In their discussion of violence in New Zealand, James and Jane Ritchie devoted some discussion to the way in which Maori social health deteriorated after, and as a result of, colonisation by the British Crown. Having described the urbanisation of Maori in the early parts of the twentieth century, they write:
“The multiplicity of tribal groups in urban areas can be dealt with by building tribal associations and allegiances, rather than by continuing with policies which amorphously attempt to integrate Maori into some kind or pan-tribal identity. There never was such an identity, and most of the ordinary mechanisms of Maori culture cannot be made to work on such a basis. Such policies are not unlike the assimiliationist pressures of the 1950s and 1960s (for example, the Hunn report) which envisaged all Maori ultimately becoming individuals within an integrated New Zealand society. That was a policy that was tried and which failed.
What then should be done? Violence by Maori offenders can be reduced if the position of the Maori people is improved. There are three immediate avenues that must be pursued. They are economic opportunity, education, and power sharing.
Economic opportunity must restore to the Maori people control of their own resources so that they are not merely subservient to a monocultural commercial and authority structure. Poverty will always engender helplessness and resentment. Unemployment adds to poverty, and provides extra time and energy with nothing to do. Until Maori people have adequate resources, any talk of cultural renaissance or reconstruction is just empty words.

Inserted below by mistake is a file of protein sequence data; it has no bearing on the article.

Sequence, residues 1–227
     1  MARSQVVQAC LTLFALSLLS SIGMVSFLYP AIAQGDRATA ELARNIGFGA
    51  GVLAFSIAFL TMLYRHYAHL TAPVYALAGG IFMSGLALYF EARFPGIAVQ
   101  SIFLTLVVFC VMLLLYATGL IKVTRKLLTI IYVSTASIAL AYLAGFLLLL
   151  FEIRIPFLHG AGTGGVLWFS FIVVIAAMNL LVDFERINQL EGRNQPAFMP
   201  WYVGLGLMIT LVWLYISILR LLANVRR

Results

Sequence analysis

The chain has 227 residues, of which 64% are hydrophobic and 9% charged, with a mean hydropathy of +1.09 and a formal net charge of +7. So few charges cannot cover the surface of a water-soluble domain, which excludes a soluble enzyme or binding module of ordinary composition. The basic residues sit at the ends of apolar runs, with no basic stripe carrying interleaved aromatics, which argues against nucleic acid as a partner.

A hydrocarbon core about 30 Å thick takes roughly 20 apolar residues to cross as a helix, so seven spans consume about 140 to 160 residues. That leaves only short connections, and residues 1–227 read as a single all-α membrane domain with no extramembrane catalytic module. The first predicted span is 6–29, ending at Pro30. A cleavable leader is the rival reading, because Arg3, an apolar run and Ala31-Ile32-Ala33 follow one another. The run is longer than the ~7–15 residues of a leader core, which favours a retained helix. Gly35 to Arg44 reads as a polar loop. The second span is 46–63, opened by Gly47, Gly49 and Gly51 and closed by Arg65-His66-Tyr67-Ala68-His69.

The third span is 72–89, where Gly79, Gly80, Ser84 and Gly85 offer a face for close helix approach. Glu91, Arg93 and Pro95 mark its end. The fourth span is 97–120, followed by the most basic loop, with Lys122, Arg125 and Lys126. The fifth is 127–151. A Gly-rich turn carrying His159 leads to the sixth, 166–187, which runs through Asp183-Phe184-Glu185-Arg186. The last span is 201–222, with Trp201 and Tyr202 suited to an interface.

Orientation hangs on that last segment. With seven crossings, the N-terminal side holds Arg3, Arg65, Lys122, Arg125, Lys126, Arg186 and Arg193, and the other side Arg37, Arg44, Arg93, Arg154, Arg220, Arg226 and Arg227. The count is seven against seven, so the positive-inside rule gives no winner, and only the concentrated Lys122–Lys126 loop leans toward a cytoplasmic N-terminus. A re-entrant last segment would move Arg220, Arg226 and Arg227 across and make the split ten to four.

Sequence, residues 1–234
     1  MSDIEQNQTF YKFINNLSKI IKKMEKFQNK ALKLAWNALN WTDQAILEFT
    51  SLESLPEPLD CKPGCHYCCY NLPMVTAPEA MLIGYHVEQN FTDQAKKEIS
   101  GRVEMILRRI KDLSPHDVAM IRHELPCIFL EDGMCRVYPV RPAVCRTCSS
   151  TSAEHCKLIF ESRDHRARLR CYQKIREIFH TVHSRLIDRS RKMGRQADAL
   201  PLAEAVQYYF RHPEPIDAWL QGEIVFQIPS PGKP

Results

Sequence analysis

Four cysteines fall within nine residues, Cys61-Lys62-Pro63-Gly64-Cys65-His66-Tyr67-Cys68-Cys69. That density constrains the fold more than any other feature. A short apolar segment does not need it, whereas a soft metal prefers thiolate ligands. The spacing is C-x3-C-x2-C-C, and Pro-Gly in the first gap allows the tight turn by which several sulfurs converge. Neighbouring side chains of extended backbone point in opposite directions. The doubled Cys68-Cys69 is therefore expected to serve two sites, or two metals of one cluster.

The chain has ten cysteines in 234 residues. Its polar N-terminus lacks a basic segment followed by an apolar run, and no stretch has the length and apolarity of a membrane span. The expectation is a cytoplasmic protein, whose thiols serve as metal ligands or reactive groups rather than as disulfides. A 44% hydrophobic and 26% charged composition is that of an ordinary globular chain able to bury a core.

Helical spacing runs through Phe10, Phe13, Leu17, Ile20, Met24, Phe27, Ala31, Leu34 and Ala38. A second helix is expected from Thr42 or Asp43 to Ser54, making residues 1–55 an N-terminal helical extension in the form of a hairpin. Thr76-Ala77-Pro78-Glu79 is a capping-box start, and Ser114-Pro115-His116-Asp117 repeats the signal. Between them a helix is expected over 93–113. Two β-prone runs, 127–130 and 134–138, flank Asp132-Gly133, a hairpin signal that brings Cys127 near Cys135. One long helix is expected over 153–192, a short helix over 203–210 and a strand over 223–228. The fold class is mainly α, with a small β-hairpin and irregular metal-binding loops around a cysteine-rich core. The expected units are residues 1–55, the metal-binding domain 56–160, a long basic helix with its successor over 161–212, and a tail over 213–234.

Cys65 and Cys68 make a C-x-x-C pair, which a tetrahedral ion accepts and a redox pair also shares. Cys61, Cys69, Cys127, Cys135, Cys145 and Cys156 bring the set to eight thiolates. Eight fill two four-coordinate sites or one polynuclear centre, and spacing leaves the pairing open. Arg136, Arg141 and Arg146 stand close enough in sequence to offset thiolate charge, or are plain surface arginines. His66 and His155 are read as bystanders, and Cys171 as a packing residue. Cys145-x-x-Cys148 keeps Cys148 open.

Maori people have their own ideas of how the unemployed might be occupied. What they have not been able to do is persuade the institutions of government to put such programmes into operation. Maori land requires massive labour for conservation, rehabilitation, and development, and someone must pay for that. Marae facilities throughout the country need repair and extension; historic buildings need careful restoration. The concept of the marae as a set of community facilities that will service all kinds of needs from before birth until after death is capable of great creative expansion. Facilities such as houses for the old, health centres, young people’s houses, training centres, tourist and entertainment complexes, educational facilities, recreation and sporting centres, small business ventures could all be part of a modern marae. All the major cities in New Zealand have far too few marae complexes. Auckland alone probably needs a further fifteen to twenty at the present time.” (p.147) “Building these facilities,” Ritchie and Ritchie continue, “as well as running them would utilise a [-p.148] considerable labour force, and to those who say that the cost would be prohibitive, the answer that many Maori people give is that the present costs of sustaining Maori people on welfare benefits, plus the costs of institutional care which has no positive outcome, are also enormous; the Maori Economic Development commission estimated somewhere in the vicinity of $600 million a year. This negative spending needs to be progressively reduced and money made available for positive programmes under Maori control.” (pp.147-148)
“To undertake this restructuring two kinds of education will be needed. The next generation of Maori people passing through the education system needs to see that there will be career alternatives working in, and for, their tribal organisations. …The second kind of education would create a climate of understanding in which such change could occur. This begins with a thorough understanding of the treaty and a rewriting of our history. / Power sharing must be accomplished not only through devolution but also by allowing Maori philosophy, values, and viewpoints to penetrate mainstream institutions, by real assessment of the constitutional challenge.” (p.148)
Ref: Jane Ritchie and James Ritchie (1993) Violence in New Zealand. Huia Publishers and Daphne Brasell Associates: Wellington